Otto wins the South African Open

Hennie Otto has won the coveted South African Open for the first time – but it was no cake walk.

Hennie Otto has won the coveted South African Open for the first time – but in the end, it was certainly no cake walk.

The 35-year-old South African started the day with a comfortable three-shot lead and was still three clear when he reached the turn at the Jack Nicklaus-designed Serengeti golf course near Johannesburg.

But then some late drama fluttered into the event when the tension seemed to get to him and he ran into trouble coming down the closing stretch.

Three shaky bogies in four holes from the unlucky 13th saw him fall back into a tie at the top with the up-and-coming young Austrian, Bernd Wiesberger, who had earlier taken his closing score to 13-under with a 4-under 68 that equalled the best score on a difficult day and was keeping himself warm in case there was a play-off.

It was a pretty much a two horse race at this stage as no one had really got close enough to Otto to pose a serious threat.

England’s Richard McEvoy and South Africans Thomas Aiken and unheralded Ockie Strydom, who finished in a tie for third at 11-under were never much closer than three or four shots and you could say the same thing about Goosen and Otto’s playing partner Magnus Carlsson who finished in a tie for sixth at 10-under with South African young gun Trevor Fisher Jnr.

Otto was clearly shaken at this stage, but he pulled himself together and managed to finish with a fine birdie at 17 and a rock solid par at 18 that gave him the level-par 70 and 14-under 274 total that he needed to edge him home by one shot.

His joy and relief were clearly visible when he punched his chest and pointed at the sky in a symbolic thank you to his maker after sinking his winning putt from two or three feet.

The victory, which seemed a mere formality before Otto found sand at the 13th, came up short of the green at the par-three 15th and overcooked his approach at the next with a wedge, takes him from 80th on The Race to Dubai standings to comfortably inside the top 60 just in time to secure his place at the season-closing Dubai World Championship next month

Looking back at the dramatic final day of an event in which the defending champion Ernie Els had a miserable weekend and when nothing, but nothing would drop for luckless Retief Goosen after a brilliant three-birdie start had briefly propelled him into the lead on Saturday, Otto, no longer the firebrand he was, will probably always single out the 17th as his highlight of the day.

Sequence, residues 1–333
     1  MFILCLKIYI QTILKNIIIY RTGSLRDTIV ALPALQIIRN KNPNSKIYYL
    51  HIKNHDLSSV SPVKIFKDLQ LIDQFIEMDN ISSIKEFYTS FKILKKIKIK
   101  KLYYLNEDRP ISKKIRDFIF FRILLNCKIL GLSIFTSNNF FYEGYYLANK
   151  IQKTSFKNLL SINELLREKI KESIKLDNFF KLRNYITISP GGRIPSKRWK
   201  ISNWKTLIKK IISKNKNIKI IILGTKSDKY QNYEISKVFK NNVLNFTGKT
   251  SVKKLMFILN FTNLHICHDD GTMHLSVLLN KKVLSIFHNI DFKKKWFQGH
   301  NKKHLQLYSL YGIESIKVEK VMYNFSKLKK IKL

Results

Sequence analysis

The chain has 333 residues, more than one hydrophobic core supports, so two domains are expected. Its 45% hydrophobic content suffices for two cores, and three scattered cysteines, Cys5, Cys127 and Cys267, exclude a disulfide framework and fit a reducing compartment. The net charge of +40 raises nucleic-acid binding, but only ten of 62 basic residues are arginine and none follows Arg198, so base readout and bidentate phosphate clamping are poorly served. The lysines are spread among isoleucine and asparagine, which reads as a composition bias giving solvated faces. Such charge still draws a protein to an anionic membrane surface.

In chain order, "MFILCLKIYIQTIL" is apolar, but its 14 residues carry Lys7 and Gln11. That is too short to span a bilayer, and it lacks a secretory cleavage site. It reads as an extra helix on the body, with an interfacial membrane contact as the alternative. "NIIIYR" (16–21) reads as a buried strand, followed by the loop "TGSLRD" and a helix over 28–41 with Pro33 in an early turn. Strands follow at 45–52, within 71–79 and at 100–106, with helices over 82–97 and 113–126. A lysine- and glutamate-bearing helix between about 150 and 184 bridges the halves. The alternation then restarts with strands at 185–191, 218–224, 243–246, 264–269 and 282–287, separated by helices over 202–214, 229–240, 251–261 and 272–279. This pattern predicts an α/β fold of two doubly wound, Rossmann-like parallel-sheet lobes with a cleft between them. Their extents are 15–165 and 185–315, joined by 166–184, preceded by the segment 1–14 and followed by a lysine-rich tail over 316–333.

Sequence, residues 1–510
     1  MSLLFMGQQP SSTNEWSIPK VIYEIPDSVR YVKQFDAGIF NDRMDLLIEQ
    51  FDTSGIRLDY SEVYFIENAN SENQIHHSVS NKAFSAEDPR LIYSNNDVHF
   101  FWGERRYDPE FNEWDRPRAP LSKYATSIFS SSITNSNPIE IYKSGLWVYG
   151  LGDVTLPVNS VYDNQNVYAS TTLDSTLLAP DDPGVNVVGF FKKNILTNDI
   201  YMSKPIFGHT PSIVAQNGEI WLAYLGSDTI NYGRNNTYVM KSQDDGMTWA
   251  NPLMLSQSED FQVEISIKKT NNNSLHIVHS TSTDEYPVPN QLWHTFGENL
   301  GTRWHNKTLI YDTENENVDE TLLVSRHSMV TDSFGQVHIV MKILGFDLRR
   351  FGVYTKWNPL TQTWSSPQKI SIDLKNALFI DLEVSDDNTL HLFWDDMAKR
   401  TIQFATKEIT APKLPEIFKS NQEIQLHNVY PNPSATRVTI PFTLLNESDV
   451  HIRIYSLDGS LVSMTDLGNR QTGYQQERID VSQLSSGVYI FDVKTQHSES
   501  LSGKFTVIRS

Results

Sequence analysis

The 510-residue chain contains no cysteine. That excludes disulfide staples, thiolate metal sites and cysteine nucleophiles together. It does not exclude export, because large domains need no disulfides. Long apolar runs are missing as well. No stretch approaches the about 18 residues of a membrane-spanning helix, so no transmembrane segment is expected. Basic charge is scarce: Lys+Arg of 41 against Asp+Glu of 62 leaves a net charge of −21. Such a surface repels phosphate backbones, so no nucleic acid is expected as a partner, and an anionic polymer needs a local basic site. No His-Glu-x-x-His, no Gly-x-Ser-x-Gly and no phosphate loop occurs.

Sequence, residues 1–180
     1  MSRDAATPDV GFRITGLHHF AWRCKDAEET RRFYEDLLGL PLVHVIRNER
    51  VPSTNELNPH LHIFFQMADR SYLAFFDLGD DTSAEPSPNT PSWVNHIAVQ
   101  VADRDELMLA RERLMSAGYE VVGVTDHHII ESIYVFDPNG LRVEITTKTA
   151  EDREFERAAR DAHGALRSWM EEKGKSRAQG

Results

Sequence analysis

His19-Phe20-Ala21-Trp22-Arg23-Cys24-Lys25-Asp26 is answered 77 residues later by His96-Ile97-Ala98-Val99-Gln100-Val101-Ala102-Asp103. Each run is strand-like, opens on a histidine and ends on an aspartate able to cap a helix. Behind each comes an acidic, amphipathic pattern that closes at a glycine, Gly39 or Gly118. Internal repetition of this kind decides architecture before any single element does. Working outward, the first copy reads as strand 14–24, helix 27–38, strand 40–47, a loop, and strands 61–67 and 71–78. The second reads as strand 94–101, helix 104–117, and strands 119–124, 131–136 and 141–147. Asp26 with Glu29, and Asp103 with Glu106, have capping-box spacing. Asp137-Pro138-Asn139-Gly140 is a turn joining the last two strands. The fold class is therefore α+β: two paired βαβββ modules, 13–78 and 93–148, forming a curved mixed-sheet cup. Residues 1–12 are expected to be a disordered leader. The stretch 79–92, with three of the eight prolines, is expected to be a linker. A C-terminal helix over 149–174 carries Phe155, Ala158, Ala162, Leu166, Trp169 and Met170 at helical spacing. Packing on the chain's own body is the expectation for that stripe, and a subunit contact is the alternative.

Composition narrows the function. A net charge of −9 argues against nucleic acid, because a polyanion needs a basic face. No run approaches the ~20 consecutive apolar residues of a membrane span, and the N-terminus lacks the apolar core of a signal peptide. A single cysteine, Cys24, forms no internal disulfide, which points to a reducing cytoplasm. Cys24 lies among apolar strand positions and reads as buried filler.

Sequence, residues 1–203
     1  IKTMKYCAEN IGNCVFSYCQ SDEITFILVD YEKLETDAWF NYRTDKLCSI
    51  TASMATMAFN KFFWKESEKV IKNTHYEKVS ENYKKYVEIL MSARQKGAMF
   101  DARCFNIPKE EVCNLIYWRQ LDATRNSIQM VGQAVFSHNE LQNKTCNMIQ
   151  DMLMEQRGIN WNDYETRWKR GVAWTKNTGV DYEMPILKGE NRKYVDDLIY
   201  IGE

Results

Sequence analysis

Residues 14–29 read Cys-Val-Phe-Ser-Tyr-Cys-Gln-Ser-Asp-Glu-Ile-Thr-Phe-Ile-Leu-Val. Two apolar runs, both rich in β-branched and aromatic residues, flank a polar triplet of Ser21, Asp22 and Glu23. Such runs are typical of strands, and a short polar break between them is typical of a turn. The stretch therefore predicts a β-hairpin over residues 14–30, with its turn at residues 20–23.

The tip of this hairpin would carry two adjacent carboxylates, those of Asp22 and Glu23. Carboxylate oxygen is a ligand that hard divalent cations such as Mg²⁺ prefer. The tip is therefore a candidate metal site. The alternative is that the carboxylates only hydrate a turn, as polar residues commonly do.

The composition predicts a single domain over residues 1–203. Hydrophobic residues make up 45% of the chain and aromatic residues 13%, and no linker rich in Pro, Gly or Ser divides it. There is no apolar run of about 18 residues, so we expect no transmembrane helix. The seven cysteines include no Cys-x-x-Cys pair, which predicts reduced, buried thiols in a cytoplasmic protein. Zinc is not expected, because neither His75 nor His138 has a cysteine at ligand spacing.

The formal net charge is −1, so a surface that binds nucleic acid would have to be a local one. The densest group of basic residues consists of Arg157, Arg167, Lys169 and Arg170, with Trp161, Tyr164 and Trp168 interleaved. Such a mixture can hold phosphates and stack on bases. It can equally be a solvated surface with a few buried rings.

He drove the ball over the green with his driver at this short par four, but hit an exquisite chip out of a thick knot of rough and then nailed a tricky putt of some six or seven feet for the absolutely critical birdie that was to edge him back into the lead with just one hole two go and rekindle the confidence that had taken such a beating over the previous four holes.

“Yes, I really made it tough for myself, didn’t I?” Otto said with a smile when talking to a TV crew after his second victory on the European Tour.

“I’ve come close, once or twice, so winning my country’s national open this time was something really special. I feel so proud that my name will be joining all the great golfers who have won it before me.”

He is the sixth South African to win on The European Tour this season, following Ernie Els, Louis Oosthuizen, Charl Schwartzel (2), Thomas Aiken and Garth Mulroy, whose victory at the Alfred Dunhill Championship was the 100th by a South African in the Tour’s history.

For Wiesberger it was his second runner-up finish of the year.

He was in the five-man play-off won by Thomas Björn at the Johnnie Walker Championship at Gleneagles in Scotland in August but with his obvious ability it shouldn’t be too long before he wins a title.

Northern Ireland’s Gareth Maybin, on the other hand, slipped from 118th to 120th after finishing well down the field, but he does still have the UBS Hong Kong Open to come this week as he attempt to get back among the 118 who will retain their Tour cards.

Steven O’Hara, who led at halfway and needed a top-three finish to save his card, fell away to 25th and fellow Scot Lloyd Saltman also faces a return to The Qualifying School after a double bogey six on the last dropped him to ninth.

If the former amateur star had parred the hole he would have been joint third and would have earned a spot in Hong Kong.

His closing 70 included eight birdies, but also a bogey six on the long third and a triple bogey six at the ninth.


274 Hennie Otto (Rsa) 70 67 65 72

275 Bernd Wiesberger (Aut) 69 68 70 68

277 Ockie Strydom (Rsa) 69 72 67 69, Thomas Aiken (Rsa) 68 69 68 72, Richard McEvoy 70 70 69 68

278 Magnus A Carlsson (Swe) 73 66 66 73, Retief Goosen (Rsa) 66 68 71 73, Trevor Fisher Jnr (Rsa) 68 72 70 68